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  • Feb
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Producing ‘Joseph’s Dream’ a lesson in evangelization

Posted By February 23, 2016 | 6:13 pm | Featured Article #2
Cast members await the start of the play.
 Photo by Tanya Connor
Cast members await the start of the play. Photo by Tanya Connor

By Tanya Connor

WORCESTER – Catholics recently united with others, including those unaffiliated with any church, in what Bishop McManus called “an experiment in the new evangelization.”
The evangelization came through “Joseph’s Dream: A Vision of Choice,” a biblical play performed at The Hanover Theatre Feb. 17 and 18.
Alexander Diaz is the writer and director; Jamie Salisbury is the producer. They are members of St. Joseph Parish in Charlton, where the play was first performed last Lent by local volunteers with varying degrees of acting experience. Mr. Diaz said about half returned, helping make up this year’s cast of more than 50. Some actors said Hanover provided them with their biggest theatre or audience yet.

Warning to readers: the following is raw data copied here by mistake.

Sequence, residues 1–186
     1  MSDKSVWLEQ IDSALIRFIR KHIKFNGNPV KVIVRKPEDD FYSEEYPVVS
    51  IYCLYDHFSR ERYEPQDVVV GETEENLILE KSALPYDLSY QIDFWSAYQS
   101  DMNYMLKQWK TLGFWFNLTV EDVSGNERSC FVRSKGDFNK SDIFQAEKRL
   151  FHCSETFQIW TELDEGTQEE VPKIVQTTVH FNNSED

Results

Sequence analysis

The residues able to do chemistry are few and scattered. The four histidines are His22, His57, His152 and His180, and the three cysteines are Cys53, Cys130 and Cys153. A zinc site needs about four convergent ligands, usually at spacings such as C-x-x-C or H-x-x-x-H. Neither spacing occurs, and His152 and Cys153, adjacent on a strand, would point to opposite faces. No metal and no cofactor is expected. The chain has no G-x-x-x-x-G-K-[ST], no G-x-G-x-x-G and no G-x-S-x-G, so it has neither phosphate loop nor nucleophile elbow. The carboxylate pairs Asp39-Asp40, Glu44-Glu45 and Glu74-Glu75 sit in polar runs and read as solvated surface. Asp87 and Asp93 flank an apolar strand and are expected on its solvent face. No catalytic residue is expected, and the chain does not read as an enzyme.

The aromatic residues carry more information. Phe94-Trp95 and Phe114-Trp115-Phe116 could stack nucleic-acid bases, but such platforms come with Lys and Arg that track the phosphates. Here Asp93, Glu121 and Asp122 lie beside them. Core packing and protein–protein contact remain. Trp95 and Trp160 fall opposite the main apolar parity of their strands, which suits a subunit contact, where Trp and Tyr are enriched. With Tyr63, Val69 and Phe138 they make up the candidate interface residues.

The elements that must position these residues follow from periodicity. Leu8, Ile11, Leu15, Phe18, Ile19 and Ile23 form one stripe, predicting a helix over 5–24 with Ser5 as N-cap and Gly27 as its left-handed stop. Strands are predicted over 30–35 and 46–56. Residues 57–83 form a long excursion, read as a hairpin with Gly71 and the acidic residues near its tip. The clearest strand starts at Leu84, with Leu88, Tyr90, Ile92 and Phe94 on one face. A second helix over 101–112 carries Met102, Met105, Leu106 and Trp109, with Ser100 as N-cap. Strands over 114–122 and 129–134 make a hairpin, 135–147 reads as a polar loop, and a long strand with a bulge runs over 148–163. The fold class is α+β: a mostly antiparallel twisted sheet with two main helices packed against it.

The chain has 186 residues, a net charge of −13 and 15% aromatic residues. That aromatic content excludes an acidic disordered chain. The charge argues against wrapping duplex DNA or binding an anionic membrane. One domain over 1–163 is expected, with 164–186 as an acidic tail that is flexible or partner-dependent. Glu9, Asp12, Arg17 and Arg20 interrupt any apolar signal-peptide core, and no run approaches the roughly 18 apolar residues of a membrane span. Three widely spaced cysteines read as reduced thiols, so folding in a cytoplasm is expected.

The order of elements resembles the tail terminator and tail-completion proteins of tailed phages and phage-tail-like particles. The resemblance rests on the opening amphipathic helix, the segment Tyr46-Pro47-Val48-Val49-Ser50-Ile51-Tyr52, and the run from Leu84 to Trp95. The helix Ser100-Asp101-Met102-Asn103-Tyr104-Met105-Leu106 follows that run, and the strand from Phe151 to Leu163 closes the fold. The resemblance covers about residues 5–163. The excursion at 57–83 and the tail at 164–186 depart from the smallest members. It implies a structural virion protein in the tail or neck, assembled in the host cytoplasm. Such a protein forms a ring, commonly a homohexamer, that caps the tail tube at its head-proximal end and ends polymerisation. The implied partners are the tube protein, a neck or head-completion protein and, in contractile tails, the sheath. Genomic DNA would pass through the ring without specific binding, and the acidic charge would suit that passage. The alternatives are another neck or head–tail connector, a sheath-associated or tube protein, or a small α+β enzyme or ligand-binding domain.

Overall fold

Mr. Diaz said AJ Productions, which he and Mr. Salisbury own, brought the play to Hanover with support from fellow-parishioner Michael P. Gillespie, director of the diocesan Office of Stewardship and Development. The office conducts the Partners in Charity Appeal, which is to get up to 10 percent of the proceeds.
More people are volunteering to help with the play, Mr. Diaz said, and he’s working on getting it to Boston and Providence. His dreams include Broadway, international performances and a movie.
The play imagines that what the angel revealed to Joseph in his dream (Mt 1:18-25) was Jesus’ birth, ministry, death and Resurrection. At first angry about Mary’s announcement of her pregnancy, Joseph awakes after the dream ready to help Mary  raise “our” son. His embrace of her at the end of the Jan. 17 show drew applause from the audience, which gave actors a standing ovation.